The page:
Pro Bono Net and the American Bar Association (ABA) Young Lawyers Division (YLD)  Disaster Legal Services Program are pleased to announce the Spanish version of a self-help disaster recovery tool ( that allows disaster survivors to create an appeal letter to the Federal Emergency Management Agency (FEMA). The tool, “Carta de apelación a la Agencia Federal de Manejo de Emergencias (FEMA, por sus siglas en inglés),” can be found here. Frequently Asked Questions about the FEMA appeals process can be found here

The frequency, intensity, and aftermath of climate disasters continue to impact communities across the country, and the National Oceanic and Atmospheric Administration once again predicts an above-normal hurricane season for 2022. As we have learned from past disaster responses, survivors who speak languages other than English face more barriers in receiving critical information from authorities or accessing disaster assistance that can help them recover and rebuild. 

When Hurricane Ida devastated communities in 2021 across the eastern coast, officials in New York called for improved language access measures to alert individuals who spoke languages other than English and Spanish. After Hurricane Florence hit North Carolina in 2018, over 150,000 individuals who speak a language other than English lived in disaster-impacted areas. Just a year before, the response to Hurricanes Harvey, Irma, Maria, and the California wildfires brought a number of language access issues that were well-documented by groups on the ground. 

One of the main federal assistance programs to aid survivors after a major disaster comes from FEMA. Individuals can apply for federal disaster assistance, and if they are denied assistance or awarded less than they need to cover for damages, survivors can appeal FEMA’s determination. Many survivors apply to FEMA but are often denied for reasons that can be explained through an appeal letter with additional documentation. 

Pro Bono Net’s FEMA appeals interactive interview, powered by LawHelp Interactive, enables survivors to create and generate an appeal letter they can print or download to file directly with FEMA. It was initially developed with the City Bar Justice Center in the aftermath of Superstorm Sandy in 2012 and has helped over 14,000 survivors impacted by multiple major disasters. It has also been updated over time to reflect changes in the application and appeals process, including in 2021 to incorporate questions that address the needs of survivors with disabilities. These updates come at a time when federal agencies, including FEMA, are reexamining their policies and practices to eliminate barriers that have historically prevented people from accessing federal disaster assistance.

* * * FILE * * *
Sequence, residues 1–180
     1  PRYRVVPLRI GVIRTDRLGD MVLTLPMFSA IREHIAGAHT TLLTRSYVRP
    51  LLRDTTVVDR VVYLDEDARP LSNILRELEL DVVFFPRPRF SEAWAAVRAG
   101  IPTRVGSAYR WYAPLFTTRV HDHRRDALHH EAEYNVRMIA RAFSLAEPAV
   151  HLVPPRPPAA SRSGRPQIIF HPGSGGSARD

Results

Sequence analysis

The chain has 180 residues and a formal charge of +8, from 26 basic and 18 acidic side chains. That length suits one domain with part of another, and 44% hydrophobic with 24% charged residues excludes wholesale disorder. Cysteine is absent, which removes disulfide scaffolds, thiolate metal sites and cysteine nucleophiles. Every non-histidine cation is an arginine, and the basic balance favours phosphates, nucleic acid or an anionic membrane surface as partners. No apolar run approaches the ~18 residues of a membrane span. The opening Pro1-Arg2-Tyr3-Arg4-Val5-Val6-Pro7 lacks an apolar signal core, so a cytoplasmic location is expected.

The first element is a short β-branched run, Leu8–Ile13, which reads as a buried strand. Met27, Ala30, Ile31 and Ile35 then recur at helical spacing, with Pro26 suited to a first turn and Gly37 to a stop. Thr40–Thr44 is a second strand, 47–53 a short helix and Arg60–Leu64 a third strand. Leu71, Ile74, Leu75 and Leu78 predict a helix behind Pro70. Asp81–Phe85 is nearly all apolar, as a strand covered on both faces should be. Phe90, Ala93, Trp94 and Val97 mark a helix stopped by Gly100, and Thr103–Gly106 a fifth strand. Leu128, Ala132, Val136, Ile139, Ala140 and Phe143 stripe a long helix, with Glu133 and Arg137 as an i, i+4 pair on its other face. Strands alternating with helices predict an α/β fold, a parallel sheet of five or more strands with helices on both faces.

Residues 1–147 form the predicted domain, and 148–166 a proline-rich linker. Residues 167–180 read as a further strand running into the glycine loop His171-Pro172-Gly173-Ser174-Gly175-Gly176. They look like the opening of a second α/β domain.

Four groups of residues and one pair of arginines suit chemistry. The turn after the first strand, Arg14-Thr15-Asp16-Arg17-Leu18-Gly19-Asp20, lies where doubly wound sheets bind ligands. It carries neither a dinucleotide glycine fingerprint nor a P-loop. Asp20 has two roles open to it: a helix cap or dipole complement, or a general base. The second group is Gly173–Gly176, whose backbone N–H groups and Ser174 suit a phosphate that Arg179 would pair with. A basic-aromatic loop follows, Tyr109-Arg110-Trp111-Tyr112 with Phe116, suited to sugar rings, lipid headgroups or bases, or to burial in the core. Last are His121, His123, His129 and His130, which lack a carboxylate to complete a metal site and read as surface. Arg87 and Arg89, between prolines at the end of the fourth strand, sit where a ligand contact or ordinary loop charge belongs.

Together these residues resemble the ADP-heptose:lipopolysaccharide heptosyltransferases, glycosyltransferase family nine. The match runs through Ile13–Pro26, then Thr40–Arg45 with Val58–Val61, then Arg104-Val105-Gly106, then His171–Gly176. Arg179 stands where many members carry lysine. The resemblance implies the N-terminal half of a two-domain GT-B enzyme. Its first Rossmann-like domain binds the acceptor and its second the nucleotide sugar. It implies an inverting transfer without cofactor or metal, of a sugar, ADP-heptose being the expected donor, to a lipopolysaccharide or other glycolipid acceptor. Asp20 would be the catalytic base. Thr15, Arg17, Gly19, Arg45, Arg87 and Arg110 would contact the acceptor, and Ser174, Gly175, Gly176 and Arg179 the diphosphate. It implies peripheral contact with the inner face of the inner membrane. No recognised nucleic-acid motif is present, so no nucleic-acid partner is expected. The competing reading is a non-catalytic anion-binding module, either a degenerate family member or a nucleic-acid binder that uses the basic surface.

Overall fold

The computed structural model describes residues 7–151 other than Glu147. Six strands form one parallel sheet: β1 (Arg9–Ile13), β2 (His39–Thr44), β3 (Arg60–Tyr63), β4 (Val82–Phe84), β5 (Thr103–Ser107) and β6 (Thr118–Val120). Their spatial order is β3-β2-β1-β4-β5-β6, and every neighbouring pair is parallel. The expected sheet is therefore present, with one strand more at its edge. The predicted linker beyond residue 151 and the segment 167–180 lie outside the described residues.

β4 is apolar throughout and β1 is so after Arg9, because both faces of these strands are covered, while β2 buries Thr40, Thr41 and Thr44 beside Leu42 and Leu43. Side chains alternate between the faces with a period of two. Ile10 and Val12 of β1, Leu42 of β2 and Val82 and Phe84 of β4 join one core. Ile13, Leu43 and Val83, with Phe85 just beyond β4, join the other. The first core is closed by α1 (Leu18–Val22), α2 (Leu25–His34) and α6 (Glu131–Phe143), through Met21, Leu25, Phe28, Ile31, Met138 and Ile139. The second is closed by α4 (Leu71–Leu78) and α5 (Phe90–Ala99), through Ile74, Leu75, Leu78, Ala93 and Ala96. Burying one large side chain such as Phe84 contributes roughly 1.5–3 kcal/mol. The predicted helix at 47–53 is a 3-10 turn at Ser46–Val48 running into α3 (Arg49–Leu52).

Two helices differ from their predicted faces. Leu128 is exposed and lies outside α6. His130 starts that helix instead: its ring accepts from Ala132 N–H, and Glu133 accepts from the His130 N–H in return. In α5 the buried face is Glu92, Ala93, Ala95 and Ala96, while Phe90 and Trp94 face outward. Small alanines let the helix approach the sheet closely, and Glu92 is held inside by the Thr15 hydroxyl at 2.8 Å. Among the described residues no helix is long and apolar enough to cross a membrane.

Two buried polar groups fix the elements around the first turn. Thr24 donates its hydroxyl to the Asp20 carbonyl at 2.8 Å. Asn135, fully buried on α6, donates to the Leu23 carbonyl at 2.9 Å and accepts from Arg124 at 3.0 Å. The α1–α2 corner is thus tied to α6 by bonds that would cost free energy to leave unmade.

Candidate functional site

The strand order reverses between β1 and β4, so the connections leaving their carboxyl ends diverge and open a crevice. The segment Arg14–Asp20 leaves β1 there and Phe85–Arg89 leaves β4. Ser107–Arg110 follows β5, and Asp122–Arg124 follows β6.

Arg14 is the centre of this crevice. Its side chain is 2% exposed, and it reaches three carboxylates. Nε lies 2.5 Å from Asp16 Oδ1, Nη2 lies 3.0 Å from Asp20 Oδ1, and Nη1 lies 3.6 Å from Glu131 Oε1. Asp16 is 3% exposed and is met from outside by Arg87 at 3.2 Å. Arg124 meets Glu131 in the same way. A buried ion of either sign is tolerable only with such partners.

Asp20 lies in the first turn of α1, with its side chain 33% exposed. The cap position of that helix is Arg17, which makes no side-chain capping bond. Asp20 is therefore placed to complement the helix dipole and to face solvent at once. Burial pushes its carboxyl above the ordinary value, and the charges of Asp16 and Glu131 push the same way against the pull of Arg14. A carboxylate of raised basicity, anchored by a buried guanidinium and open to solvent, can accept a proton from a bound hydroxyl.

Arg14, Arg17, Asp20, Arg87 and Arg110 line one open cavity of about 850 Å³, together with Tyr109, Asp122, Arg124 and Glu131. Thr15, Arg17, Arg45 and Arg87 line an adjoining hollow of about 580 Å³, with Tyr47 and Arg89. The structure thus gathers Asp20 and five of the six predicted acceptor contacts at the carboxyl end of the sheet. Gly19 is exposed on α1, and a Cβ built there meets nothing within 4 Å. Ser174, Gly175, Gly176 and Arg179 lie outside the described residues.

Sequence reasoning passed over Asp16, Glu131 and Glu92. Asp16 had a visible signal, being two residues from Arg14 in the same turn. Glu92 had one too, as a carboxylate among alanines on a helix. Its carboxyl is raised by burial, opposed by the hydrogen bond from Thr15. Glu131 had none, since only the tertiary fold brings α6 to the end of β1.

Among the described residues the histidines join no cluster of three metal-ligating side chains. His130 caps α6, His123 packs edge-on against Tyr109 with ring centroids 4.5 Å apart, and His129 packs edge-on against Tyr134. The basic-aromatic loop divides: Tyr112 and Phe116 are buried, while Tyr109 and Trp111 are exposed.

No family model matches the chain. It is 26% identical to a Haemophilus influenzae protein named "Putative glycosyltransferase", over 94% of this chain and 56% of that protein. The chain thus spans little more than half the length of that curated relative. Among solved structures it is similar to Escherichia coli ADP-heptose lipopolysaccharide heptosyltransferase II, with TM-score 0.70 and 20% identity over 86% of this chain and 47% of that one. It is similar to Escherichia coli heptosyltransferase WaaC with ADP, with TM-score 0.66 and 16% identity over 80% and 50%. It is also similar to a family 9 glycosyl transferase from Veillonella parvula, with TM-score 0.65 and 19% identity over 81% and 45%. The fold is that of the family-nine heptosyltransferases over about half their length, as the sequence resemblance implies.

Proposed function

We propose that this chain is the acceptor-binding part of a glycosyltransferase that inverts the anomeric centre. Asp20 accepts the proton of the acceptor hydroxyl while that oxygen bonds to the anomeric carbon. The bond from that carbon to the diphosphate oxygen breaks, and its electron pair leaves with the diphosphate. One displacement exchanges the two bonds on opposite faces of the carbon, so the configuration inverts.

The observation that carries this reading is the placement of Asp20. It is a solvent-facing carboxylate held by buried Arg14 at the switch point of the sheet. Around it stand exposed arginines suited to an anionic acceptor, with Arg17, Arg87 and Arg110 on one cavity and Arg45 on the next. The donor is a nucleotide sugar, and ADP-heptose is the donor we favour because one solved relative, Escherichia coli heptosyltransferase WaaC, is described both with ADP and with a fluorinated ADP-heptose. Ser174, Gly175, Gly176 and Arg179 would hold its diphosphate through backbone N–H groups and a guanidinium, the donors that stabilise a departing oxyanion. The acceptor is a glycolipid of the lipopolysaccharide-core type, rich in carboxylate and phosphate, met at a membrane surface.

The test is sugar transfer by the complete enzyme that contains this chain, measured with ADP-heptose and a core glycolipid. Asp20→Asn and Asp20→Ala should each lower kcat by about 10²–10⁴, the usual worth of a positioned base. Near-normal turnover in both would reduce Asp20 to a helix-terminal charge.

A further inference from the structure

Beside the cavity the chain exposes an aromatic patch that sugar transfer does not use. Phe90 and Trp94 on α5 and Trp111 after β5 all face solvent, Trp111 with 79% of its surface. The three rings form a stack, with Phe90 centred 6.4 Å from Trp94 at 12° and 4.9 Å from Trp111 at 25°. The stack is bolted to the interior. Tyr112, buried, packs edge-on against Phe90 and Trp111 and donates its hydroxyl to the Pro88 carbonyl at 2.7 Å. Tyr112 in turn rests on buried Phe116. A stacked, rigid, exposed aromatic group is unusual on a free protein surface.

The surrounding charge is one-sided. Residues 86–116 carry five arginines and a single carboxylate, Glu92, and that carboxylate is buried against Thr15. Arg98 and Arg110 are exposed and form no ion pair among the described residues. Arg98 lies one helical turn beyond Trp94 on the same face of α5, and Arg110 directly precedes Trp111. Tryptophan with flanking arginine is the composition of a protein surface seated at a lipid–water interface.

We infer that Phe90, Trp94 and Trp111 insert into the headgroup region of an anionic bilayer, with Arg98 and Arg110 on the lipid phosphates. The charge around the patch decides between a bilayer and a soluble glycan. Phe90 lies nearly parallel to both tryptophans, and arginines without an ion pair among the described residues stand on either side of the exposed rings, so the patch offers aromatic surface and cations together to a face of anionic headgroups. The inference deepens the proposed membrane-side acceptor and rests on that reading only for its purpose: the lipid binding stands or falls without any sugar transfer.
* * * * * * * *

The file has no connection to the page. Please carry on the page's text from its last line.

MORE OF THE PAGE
“Language access is a critical component of equitable disaster recovery,” said Linda Anderson Stanley, Special Advisor of the ABA YLD DLS program. “The additions to this tool come at a key time as the Atlantic hurricane season is upon us. We are lucky to work with Pro Bono Net on such an important project.” 

“We are pleased to work with the ABA YLD Disaster Legal Services Program to make our tool accessible to Spanish-speaking survivors,” said Jeanne Ortiz-Ortiz, Pro Bono & Strategic Initiatives Manager at Pro Bono Net. “With Spanish being the second most spoken language in the U.S., this is an important step toward more equitable responses after disasters. We hope to reach more people seeking federal assistance to recover.”

Survivors can access the Spanish version of the FEMA appeals interactive interview by clicking here:  

To see this post in Spanish, please click here. Para ver este comunicado en español, por favor oprima aquí.

Special thanks to Servicios Legales de Puerto Rico (Legal Services of Puerto Rico), Morrison & Foerster, the Louisiana State Bar Association, the New Mexico Immigrant Law Center, and Nicole del Rio (former member of the ABA-YLD Disaster Legal Services) for their invaluable feedback as part of the review and testing process. 

About Pro Bono Net 

Pro Bono Net is a nonprofit leader in increasing access to justice, transforming the way legal help reaches the underserved through innovative technology and collaboration. To learn more about Pro Bono Net’s programs, click here. For more information about Pro Bono Net’s disaster recovery efforts, click here

About the ABA Young Lawyers Division Disaster Legal Services Program 

Through the Disaster Legal Services Program, the ABA Young Lawyers Division (YLD) and the Federal Emergency Management Agency provide immediate temporary legal assistance to disaster survivors at no charge. Since September 2007, the ABA YLD has responded to over 200 major disasters across the U.S. To learn more about the program, please click here